There are many things that frustrate me about the society I live in. Fake "reality" shows, celebrities that I would prefer to see exiled to another planet, and yes the opiate of our sports and popular culture, designed to keep the average American disinterested and uninvolved in policy matters, except those bankrolled by unregulated corporate money (the teabaggers and Cato Institute come to mind). Probably the one annoyance I revisit the most in the post-9/11 world is the notion that we are somehow in a struggle for civilization which necessitates trillions of dollars of our money to alleviate in, say, Afghanistan or Iraq. Because if there is one thing the peoples in those countries yearn and desire the most, other than not building anything Islamic within three block radius of ground zero, it is their boundless need to have Americans invade and democratize them. Well, that and a government that lies through its teeth about ending one of the occupations in question. Such is the nonsense that we were subjected to this evening.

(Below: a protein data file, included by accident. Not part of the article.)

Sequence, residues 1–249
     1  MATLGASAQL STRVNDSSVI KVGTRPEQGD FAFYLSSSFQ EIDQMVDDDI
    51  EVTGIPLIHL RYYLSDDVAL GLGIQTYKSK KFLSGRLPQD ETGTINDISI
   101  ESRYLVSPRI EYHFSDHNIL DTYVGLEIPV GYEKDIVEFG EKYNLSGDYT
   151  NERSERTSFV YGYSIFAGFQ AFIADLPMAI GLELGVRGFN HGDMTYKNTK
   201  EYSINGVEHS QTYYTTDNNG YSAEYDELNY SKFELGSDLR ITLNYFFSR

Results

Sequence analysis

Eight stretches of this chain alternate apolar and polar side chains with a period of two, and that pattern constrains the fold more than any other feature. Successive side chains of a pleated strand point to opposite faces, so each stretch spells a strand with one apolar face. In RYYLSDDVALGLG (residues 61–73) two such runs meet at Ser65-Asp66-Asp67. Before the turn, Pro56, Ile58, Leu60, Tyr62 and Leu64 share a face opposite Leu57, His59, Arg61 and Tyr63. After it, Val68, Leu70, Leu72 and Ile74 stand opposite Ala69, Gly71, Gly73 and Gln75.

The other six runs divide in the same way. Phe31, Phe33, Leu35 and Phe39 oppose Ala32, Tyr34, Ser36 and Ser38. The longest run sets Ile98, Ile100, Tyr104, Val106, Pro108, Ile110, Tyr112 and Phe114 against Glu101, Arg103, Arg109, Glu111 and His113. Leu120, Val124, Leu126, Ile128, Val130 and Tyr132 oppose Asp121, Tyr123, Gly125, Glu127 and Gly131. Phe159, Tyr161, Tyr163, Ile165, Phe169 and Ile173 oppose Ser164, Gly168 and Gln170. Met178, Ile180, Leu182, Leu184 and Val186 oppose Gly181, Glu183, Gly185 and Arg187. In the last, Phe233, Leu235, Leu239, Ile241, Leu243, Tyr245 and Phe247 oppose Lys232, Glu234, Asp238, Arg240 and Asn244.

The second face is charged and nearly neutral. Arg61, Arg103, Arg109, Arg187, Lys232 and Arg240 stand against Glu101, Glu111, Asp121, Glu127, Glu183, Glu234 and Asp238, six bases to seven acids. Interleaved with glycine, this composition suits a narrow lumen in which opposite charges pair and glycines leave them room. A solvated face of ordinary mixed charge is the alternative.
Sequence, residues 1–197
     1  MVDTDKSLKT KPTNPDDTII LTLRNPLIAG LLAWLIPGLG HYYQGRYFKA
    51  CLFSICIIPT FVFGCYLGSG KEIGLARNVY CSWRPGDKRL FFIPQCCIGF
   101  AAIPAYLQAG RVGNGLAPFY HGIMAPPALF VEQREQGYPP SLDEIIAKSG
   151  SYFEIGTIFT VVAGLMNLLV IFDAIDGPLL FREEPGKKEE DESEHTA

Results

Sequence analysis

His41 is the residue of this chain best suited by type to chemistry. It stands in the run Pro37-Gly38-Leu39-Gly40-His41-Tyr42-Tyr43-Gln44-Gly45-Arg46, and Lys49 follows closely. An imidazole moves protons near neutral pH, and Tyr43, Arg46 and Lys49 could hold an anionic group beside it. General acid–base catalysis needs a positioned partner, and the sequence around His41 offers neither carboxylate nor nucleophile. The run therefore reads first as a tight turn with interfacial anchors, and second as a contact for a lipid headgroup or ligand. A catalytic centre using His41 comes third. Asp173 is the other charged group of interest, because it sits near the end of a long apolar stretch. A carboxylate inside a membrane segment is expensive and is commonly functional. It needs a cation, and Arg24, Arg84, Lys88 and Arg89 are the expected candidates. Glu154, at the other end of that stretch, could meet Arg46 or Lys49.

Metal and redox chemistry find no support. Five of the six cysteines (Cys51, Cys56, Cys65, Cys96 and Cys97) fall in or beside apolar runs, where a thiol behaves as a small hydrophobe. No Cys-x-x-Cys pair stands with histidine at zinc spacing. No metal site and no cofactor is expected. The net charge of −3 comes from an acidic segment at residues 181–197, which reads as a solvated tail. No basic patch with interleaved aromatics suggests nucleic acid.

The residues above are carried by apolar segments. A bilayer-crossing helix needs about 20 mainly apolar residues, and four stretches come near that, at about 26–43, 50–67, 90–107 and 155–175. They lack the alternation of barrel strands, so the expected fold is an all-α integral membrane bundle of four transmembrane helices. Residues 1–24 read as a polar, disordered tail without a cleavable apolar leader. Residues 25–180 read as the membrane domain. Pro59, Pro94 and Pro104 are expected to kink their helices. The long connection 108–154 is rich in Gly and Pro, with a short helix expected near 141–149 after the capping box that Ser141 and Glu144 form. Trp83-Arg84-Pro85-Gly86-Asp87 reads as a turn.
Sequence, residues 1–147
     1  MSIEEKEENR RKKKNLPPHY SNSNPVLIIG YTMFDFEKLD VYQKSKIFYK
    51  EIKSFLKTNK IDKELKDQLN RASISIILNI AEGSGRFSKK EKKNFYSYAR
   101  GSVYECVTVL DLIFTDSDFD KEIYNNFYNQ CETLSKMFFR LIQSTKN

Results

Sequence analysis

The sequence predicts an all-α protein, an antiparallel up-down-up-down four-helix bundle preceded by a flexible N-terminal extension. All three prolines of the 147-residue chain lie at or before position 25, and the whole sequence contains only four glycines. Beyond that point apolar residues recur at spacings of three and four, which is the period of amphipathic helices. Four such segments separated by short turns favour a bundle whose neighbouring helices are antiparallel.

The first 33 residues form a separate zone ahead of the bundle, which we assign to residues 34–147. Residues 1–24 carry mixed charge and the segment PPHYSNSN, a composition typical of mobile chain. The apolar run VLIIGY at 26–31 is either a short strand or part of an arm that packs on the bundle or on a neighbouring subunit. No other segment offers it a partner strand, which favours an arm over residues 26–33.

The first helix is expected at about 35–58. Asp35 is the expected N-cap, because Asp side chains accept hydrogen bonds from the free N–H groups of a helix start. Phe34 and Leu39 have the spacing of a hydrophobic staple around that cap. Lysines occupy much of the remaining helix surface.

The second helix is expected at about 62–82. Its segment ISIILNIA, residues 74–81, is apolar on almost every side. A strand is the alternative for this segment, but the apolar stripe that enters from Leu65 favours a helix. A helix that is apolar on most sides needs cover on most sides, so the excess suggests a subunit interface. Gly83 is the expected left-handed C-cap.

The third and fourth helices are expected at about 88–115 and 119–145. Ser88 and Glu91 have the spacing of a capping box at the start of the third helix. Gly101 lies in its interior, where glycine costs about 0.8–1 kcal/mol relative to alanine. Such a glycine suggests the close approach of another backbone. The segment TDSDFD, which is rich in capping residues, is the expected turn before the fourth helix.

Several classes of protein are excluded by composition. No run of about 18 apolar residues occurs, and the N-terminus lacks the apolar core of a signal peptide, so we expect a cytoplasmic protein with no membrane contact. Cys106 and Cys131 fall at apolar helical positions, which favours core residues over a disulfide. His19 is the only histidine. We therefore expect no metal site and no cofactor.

Notice the nice play on words, how "combat in Iraq" is over. This is the same man who, back in 2003, denounced going into Iraq at all. Now, ending the war means keeping 50,000 troops in a war zone. That is the new peace in this era of hope and change. That is the new caving in to the forces of Communism, socialism, and Islamism to the editorial staff of The Wall Street Journal. The President's speech is indicative of just how convoluted our language has become in this country.
And even when President Obama concedes the obvious, like how fighting in Iraq has stripped this country of resources that could have been better spent in the US, he followed it with this whopper:
But we must never lose sight of what’s at stake. As we speak, al Qaeda continues to plot against us, and its leadership remains anchored in the border regions of Afghanistan and Pakistan. We will disrupt, dismantle and defeat al Qaeda, while preventing Afghanistan from again serving as a base for terrorists. And because of our drawdown in Iraq, we are now able to apply the resources necessary to go on offense. In fact, over the last 19 months, nearly a dozen al Qaeda leaders -- and hundreds of al Qaeda’s extremist allies -- have been killed or captured around the world.